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5 Natural Sources of Caffeine—Other Than Coffee

For many of us, sipping a cup (or two) of Joe in the morning is necessary before we can take on the day. Thanks for the buzz, caffeine!

How exactly does our daily java get us going, though? “Caffeine is a central nervous system stimulant,” says Jennifer Stagg, naturopathic physician and author of Unzip Your Genes: 5 Choices to Reveal a Radically Radiant You. It’s a very mild diuretic (meaning it’ll cause you to pee more frequently than you normally do), and it also increases your heart rate and blood pressure for a time, she says.

And, yes, it may also help you focus and charge through whatever’s on your plate. In fact, a study published in the Journal of Strength and Conditioning Research found that caffeine helped athletes concentrate and perform better when they hadn’t slept well.

Coffee isn’t the only natural source of caffeine, though. “Caffeine is found in a variety of plant species, including tea leaves,” explains Bonnie Taub-Dix, R.D.N., author of Read It Before You Eat It. Your average mug of brew contains about 100 to 120 milligrams of caffeine—and Stagg recommends capping your daily intake at 400 milligrams. Too much of the stuff might mess with your ticker, potentially causing issues like heart palpitations, Stagg says.

Related: Let’s Clear The Air About Caffeine

If you’re not a huge fan of coffee but still crave that jolt, here are a few buzz-worthy alternatives.

  1. Dark Chocolate (20 milligrams per one-ounce serving)

As if you needed another reason to snack on chocolate, right? Just go for the dark stuff, which contains more caffeine than milk varieties, because it contains fewer ingredients and more cocoa, says Stagg.

Plus, cocoa contains flavanol antioxidants, which help your body fight off free radicals and can support brain health and cognitive function, according to a study published in the British Journal of Clinical Pharmacology. Bonus points!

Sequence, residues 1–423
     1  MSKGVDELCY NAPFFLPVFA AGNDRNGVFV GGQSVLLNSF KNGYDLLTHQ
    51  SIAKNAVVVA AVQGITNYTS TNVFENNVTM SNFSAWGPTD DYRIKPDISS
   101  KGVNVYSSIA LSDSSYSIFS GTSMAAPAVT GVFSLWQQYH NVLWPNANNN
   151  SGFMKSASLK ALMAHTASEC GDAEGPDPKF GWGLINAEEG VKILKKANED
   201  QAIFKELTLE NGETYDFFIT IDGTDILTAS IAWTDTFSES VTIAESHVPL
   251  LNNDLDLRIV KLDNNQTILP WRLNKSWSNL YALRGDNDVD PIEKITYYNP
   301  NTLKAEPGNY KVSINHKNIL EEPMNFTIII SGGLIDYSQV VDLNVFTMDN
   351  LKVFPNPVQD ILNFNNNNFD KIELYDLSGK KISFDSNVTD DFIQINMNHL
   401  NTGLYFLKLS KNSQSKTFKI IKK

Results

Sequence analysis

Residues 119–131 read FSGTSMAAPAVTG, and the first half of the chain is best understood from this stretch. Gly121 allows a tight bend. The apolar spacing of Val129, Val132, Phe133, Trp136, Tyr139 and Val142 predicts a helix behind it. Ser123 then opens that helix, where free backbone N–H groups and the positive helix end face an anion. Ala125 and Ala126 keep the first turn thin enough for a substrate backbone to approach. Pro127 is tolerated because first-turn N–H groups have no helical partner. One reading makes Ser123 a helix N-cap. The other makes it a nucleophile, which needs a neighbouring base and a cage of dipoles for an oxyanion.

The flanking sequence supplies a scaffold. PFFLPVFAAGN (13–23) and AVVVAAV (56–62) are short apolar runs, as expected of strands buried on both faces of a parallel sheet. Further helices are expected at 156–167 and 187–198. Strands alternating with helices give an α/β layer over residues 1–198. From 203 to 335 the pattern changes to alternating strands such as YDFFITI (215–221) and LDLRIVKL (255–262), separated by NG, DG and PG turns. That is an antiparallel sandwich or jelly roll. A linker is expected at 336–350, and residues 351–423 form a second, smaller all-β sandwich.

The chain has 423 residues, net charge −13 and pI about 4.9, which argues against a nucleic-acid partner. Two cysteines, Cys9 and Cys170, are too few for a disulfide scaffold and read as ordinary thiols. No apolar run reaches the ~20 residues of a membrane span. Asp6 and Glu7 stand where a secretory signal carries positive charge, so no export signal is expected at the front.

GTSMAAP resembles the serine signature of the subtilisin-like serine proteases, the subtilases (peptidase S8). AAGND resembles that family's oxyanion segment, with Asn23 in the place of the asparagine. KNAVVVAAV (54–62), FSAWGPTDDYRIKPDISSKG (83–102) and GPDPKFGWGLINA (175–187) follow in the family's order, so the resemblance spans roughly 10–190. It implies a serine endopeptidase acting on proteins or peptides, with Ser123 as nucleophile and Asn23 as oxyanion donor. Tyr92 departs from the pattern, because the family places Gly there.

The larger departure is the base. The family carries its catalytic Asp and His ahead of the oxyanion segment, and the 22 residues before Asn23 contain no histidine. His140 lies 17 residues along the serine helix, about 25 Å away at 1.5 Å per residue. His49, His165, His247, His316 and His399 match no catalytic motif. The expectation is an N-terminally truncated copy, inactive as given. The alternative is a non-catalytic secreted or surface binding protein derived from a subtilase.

1. Green Tea (30-45 milligrams per eight-ounce serving)

Chances are, you’ve already heard all about green tea’s awesome health benefits. One study published in American Journal of Clinical Nutrition found that the polyphenols (a.k.a. compounds containing antioxidant properties) in this herbal tea might help protect against heart disease and some cancers.

  1. Black Tea (40-60 milligrams per eight-ounce serving)

Like green tea, black tea contains antioxidant-rich polyphenols—but black tea contains more caffeine, says Stagg. The best thing about black tea? There are plenty of varieties (we’ll be enjoying a cup of Earl Grey, ourselves…).

  1. Guarana Seeds (47 milligrams per gram)

You’ve probably seen guarana listed as an ingredient in energy drinks—and that’s because it’s one of the more powerful natural caffeine sources out there. The extract used for these drinks actually comes from an Amazonian fruit. Its seeds contain about four times the caffeine as coffee beans, according to a study published in PLOS One. Who knew!

  1. Yerba Mate Tea (85 milligrams per eight-ounce serving)

Yerba mate, a tea that originally found popularity in South America, is now available at health food stores all over the place. This rather bitter tea also happens to pack more caffeine than you’ll find in other teas, says Stagg. Plus, a review published in Nutrients identified a number of health perks associated with yerba mate consumption, including healthy cholesterol and blood sugar support.

Keep this infographic handy for the next time you need a caffeine boost: 

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